In other words, parallel lines have the same slope.

The equations in slope-intercept form for these lines are: \(y=\frac{2}{3}x-1\) and \(y=\frac{2}{3}x+2\)

The slope of 23is clearly identifiable in both equations. If given two equations, the lines are parallel if the slopes are the same.

This graph shows two lines that have the special feature of intersecting at a right angle. As a result, these lines are considered perpendicular.

The equations for these lines are:

\(y=3x-1\) and \(y= \frac{-1}{3}x-2\)

Again, there seems to be a relationship between the slopes, \(m=3\) and \(m= \frac{-1}{3}\). Any guesses?

Well, there are actually two distinct differences between these slope values.

The signs are opposite: the slope of one line is positive and the slope of the other is negative.

The slope values are reciprocals, meaning that the numerator and denominator are “flipped.”

If these two changes are recognized in the slopes of two linear equations, then the lines that they represent are perpendicular.

Let’s apply this information with some practice. See if you can answer these on your own:

Example 1

What is the slope of a line that is parallel to \(y=\frac{5}{7}x-2\)?

Answer: The slope of this parallel line is equal to \(\frac{5}{7}\). Remember, parallel lines have equal slope.

Example 2

What is the slope of a line that is perpendicular to \(y=\frac{2}{5}x+1\)

Answer: The slope of this perpendicular line is equal to \(\frac{-5}{2}\). Remember, perpendicular lines have slopes that are opposite reciprocals.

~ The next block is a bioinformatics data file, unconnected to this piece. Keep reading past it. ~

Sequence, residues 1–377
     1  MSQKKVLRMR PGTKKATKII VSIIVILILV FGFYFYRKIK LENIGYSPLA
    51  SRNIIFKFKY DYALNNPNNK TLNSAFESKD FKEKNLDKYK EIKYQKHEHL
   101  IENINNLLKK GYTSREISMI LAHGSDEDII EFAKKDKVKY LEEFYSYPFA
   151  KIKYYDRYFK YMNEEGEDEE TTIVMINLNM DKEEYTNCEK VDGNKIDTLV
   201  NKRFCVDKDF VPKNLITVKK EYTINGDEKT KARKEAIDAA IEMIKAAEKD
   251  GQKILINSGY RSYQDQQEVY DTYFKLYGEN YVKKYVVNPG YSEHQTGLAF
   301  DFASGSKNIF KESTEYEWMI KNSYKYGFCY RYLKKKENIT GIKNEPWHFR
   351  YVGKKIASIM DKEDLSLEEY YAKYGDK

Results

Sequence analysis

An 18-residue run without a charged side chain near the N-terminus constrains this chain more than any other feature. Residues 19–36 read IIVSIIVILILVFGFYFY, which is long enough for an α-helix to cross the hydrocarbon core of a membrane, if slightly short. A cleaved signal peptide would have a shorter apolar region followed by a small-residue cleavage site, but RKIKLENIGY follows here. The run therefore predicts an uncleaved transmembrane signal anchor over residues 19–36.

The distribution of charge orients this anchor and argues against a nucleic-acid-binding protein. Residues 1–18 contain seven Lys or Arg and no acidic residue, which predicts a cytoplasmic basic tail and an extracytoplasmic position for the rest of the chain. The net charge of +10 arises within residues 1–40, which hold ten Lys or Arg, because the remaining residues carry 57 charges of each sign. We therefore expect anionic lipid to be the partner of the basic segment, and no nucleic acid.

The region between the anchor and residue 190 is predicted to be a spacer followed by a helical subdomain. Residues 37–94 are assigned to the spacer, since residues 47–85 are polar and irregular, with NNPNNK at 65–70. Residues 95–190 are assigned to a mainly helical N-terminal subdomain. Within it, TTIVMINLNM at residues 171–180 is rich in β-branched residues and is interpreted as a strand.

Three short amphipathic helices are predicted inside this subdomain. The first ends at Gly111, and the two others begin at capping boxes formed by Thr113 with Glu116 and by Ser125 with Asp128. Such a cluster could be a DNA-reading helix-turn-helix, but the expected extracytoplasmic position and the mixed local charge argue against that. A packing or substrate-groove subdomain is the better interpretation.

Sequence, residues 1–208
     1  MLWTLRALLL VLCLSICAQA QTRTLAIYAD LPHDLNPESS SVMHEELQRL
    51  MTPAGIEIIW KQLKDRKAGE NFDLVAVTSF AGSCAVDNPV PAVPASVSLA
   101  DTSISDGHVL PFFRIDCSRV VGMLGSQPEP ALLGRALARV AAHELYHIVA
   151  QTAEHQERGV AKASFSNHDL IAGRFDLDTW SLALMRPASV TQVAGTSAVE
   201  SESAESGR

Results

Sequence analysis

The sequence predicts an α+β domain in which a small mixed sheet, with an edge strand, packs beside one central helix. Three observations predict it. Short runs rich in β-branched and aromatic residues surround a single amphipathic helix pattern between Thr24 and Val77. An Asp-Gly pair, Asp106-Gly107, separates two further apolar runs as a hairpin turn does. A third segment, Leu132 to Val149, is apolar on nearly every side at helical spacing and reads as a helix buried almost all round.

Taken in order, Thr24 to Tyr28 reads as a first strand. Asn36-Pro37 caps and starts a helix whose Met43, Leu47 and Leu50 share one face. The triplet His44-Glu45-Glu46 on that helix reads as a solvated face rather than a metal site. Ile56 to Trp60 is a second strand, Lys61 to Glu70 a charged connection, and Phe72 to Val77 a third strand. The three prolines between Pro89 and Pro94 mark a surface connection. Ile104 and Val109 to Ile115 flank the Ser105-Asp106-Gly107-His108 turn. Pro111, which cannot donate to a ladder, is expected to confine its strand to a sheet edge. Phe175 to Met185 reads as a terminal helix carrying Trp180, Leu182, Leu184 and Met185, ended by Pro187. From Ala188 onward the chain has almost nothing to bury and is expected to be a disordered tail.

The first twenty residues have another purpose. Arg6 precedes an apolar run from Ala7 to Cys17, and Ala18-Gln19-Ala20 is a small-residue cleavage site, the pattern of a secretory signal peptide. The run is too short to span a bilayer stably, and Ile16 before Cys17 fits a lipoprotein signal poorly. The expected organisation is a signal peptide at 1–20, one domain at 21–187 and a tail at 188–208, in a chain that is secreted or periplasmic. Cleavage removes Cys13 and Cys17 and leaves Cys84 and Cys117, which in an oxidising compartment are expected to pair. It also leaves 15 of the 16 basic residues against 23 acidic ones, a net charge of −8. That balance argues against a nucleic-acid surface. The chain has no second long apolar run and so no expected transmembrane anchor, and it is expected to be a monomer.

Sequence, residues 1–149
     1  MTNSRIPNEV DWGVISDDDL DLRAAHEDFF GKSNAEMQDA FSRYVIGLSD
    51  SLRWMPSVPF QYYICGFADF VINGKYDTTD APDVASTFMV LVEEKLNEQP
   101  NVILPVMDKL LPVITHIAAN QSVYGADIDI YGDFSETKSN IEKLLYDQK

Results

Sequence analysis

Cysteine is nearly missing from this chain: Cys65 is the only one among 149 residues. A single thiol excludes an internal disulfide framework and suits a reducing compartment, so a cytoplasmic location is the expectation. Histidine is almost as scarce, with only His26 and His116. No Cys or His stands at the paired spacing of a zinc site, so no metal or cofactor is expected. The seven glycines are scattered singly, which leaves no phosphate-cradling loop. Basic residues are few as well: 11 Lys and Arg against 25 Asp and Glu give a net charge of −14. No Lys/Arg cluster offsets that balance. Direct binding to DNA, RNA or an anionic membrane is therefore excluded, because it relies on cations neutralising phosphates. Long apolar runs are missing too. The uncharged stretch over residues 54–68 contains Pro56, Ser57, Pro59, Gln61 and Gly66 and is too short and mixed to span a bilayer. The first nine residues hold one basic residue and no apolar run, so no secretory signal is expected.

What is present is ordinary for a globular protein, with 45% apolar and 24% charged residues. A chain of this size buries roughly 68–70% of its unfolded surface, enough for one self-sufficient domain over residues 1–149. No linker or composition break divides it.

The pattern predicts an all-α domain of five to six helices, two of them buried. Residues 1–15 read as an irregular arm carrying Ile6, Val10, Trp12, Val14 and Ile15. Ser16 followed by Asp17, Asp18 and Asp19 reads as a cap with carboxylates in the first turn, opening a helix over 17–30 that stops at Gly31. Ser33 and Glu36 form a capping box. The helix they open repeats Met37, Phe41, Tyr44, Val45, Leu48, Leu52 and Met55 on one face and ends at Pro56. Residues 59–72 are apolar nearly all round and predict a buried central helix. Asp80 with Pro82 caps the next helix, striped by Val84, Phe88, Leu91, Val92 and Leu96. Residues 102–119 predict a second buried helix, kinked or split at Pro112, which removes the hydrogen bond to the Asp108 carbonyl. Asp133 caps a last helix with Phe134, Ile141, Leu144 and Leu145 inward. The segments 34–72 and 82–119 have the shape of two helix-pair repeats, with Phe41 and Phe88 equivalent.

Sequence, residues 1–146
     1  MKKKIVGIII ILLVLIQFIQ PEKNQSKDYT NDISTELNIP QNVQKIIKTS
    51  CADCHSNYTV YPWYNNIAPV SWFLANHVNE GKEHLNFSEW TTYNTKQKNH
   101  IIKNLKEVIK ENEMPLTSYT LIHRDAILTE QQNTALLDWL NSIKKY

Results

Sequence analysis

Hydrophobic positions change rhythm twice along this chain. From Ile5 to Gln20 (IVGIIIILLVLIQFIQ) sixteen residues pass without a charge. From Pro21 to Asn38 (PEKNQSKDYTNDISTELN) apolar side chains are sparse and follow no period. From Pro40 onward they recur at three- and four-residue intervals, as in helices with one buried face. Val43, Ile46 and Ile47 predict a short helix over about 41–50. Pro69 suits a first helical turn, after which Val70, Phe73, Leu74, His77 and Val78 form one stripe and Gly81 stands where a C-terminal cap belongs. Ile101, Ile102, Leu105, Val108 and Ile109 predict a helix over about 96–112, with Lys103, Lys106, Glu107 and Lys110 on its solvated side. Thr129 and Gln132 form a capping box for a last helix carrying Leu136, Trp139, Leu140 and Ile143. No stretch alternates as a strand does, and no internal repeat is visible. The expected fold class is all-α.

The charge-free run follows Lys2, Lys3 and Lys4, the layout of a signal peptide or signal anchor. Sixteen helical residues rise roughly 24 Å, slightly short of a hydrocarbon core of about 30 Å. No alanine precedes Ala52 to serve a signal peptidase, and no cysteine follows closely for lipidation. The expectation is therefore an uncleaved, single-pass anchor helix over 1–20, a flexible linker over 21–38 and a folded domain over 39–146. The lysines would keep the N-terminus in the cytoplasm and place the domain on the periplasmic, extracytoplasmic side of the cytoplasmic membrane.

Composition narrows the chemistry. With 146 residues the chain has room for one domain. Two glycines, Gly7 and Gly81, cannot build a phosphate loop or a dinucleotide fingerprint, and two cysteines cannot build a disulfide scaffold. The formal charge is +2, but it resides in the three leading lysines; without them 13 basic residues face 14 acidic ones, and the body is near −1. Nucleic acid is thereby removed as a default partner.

Example 3

State whether the lines are parallel, perpendicular, or neither:

\(y=3x+4\) and \(y= \frac{-1}{3}x-8\)

Answer: Perpendicular. The slopes are opposite reciprocals.

Example 4: Try the same for the lines here:

\(y= -x+5\) and \(y=\frac{1}{2}x+2\)

Answer: Neither.

Slopes are not the same and slopes are not opposite reciprocals.

These lines intersect but NOT at a right angle.

And one more:

\(y=x+2\) and \(y=x-5\)

Answer: Parallel. Slopes are both equal to 1.

I hope I’ve cleared up any confusion that you may have had with regard to slope and graphing linear equations. As you can see, slope is the driving force in graphing and holds the key to identifying special relationships between lines.

That’s all for this review! Thanks for watching, and happy studying!

## How to Graph a Function Practice Questions

**Question #1:**

Which line is parallel to the line that passes through the points \((3,-1)\) and \((-2,4)\)?

**Answer:**